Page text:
Neighbors at Risk

Shooting incidents reported in each New York City census block group were divided over the population to create yearly rates of shooting incidents. Researchers then ranked all CBGs based on their rates of shooting incidents and identified the 50 CBGs with the highest rates in each year from 2015 to 2021.

Vital City — Balancing Deterrence and Prevention: The Role of Research

Prevention is different than deterrence, and it uses other tools and resources. It lowers risks and builds assets. Risks are obstacles to safety that often metastasize across individuals and increase harm to entire communities, including substance abuse, antisocial peers, unemployment, and family violence.

New York Times — Is New York’s Wave of Gun Violence Receding? Experts See Reason for Hope

“The Brooklyn recovery seems more striking than other boroughs,” Dr. Butts said. “The Brooklyn spike is horrendous when you look at it over time. But the most recent quarter, the data point is back to where it’s been bouncing around for the past 15 years.”

Shooting Surge Continuing to Slow Across New York City

Shooting trends in New York City remain a serious concern, but recent quarter-specific, one-year differences declined for three straight quarters from October 2020 through June 2021.

San Francisco Chronicle — Crime Statistics and Politics are a Deadly Mix

“Sadly, I’ve dedicated my life to using facts and data to influence crime policy. I don’t think we’re any better at it than we were 30 years ago,” Butts said. He has seen both Democrats and Republicans try to use crime stats to scare voters. It’s hard to stop them because “politics was way out ahead of information and the facts.”

Philadelphia Inquirer — There’s Nothing More Progressive than Stopping City Kids from Getting Shot

Progressive-minded criminologists like Roman or Butts are boosters of community antiviolence intervention programs such as the Cure Violence model, in which more mature people from the neighborhood work as “violence interrupters” and seek to mediate disputes or defuse tensions before they get out of hand.

ABC News — Feds Warned Last Spring of Spike in Violence and Extremism During Pandemic: Memo

"We were already in a weakened condition when the pandemic hit -- class divisions, overt racism, partisanship, a really poor social support infrastructure -- so if you think about the effect of the pandemic on an 'epidemic' of shootings -- it's like the immune system of the United States was already suppressed," Jeffrey Butts, director of the research and evaluation center at John Jay College of Criminal Justice, told ABC News.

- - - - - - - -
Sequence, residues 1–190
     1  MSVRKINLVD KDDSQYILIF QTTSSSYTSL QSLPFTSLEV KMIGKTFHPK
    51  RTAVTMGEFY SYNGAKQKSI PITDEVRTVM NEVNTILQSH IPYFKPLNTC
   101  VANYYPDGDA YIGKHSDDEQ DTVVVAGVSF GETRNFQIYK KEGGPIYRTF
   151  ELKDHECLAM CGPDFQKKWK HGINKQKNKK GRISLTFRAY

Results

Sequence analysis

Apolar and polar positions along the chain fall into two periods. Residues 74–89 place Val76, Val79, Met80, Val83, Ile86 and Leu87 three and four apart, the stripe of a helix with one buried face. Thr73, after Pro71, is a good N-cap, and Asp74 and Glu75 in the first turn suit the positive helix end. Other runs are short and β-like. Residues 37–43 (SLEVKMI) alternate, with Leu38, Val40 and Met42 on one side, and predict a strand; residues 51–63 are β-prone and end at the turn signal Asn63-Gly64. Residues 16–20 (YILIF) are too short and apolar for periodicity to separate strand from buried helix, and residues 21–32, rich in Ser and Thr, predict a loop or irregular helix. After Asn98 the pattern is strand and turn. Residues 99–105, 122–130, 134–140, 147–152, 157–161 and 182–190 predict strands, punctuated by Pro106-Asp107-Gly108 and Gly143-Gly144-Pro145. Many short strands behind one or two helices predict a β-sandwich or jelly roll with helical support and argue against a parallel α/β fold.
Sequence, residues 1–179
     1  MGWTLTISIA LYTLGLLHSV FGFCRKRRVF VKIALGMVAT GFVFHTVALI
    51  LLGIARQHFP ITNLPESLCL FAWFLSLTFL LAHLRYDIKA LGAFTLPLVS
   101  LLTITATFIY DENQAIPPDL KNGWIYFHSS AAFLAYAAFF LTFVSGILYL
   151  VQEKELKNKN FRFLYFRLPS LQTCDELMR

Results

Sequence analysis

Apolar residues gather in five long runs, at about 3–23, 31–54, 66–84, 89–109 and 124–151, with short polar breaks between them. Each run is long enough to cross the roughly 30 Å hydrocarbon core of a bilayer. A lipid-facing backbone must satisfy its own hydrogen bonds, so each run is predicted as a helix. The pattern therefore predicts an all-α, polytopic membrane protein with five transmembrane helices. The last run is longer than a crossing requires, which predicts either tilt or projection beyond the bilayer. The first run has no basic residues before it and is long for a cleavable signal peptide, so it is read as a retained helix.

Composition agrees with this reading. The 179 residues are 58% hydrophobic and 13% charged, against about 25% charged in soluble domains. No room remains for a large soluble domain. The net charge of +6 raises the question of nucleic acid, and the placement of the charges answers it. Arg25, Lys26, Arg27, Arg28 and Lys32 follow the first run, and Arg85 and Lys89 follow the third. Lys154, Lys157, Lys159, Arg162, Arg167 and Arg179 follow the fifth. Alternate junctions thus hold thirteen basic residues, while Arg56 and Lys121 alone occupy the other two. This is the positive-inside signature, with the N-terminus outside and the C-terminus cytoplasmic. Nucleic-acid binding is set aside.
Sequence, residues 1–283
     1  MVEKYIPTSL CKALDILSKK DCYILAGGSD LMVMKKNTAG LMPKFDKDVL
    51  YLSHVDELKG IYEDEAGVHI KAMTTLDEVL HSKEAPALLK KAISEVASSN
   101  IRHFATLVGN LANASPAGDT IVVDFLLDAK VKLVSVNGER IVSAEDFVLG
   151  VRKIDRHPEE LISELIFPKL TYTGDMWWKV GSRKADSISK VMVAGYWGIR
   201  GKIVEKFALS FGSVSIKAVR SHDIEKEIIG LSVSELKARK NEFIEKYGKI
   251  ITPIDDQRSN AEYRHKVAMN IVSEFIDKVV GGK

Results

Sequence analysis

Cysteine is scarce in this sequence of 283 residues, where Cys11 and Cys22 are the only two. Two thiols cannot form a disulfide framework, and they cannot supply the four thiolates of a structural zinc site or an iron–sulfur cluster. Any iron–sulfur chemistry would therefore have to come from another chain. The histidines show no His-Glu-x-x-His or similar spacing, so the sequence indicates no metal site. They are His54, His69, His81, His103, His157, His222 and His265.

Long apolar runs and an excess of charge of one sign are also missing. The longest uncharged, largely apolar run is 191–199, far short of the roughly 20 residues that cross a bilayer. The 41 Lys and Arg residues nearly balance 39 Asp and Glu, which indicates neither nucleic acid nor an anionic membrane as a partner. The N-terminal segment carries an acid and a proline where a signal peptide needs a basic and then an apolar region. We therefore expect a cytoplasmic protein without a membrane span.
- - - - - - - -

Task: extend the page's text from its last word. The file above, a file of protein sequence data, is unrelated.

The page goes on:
Christian Science Monitor — US Saw Biggest Spike in Gun Violence in 50 Years. Don’t Panic Yet.

Experts caution that while law enforcement is a vital part of public safety, police should be one part in a larger package of solutions. There are well-tested methods that decrease violence, but implementing them at scale will require patience, nuance, and a willingness to think past political narratives.

MSNBC — The Sunday Show with Jonathan Capehart

Jeffrey Butts: "Researchers can at least eliminate possible explanations. So, you can look at data and test hypotheses. One hypothesis that has been around (you alluded to it) is that it’s somehow related to Defunding the Police. So, there have been researchers who have looked at police budgets, and changes from year to year... and there’s really no relationship there.”

Newsday — Suffolk Police Stopped, Searched Minority Drivers at Higher Rates

"It’s where the story begins and where our attitudes begin in terms of how we perceive law enforcement," said Jeffrey Butts, a research professor at John Jay College of Criminal Justice. "If you’re pulled over all the time, and you think other people are behaving the same way you are, but they’re pulling you over, you immediately start thinking that police are biased, which means government is biased, which causes you to doubt the whole enterprise of democracy and government. So, it’s really serious."

alternet — What Can Safety Without Police Look Like?

Sheyla Delgado, deputy director for analytics at John Jay College and a researcher for the Cure Violence evaluation, says the comparisons offer promising evidence in favor of the program’s public health approach to violence reduction. She says what seems to make Cure Violence different from comparable programs that work to reduce violence is that it humanizes all of its participants.

Reducing Gun Violence in New York City

Causal relationships are difficult to identify in complex and multi-part initiatives, but New York City’s falling rate of gun violence suggests that recent community initiatives may have helped to sustain previous gains.

Albany Times Union — Reason for Drop in Youth Arrests Hard to Pin Down

Over the last five years the number of police stops and arrests involving Capital Region youths has fallen more than 45 percent, according to state data. It’s a stunning drop — but one without a clear single reason, say law enforcement and juvenile justice system professionals.

Mixed News About Youth Violence in Recent FBI Crime Data

The FBI’s Uniform Crime Reporting series tracks violent crime trends using the four offenses of murder, rape, robbery, and aggravated assault. According to the FBI, youth arrests for these offenses grew one percent between 2016 and 2017.

Recidivism Reconsidered

Jeffrey A. Butts and Vincent Schiraldi Recidivism is not a robust measure of effectiveness for community corrections agencies. When used as the sole measure of effectiveness, recidivism misleads policymakers and the public, encourages inappropriate comparisons of dissimilar populations, and focuses policy on negative rather than positive outcomes. Policymakers who focus on recidivism as evidence of [...]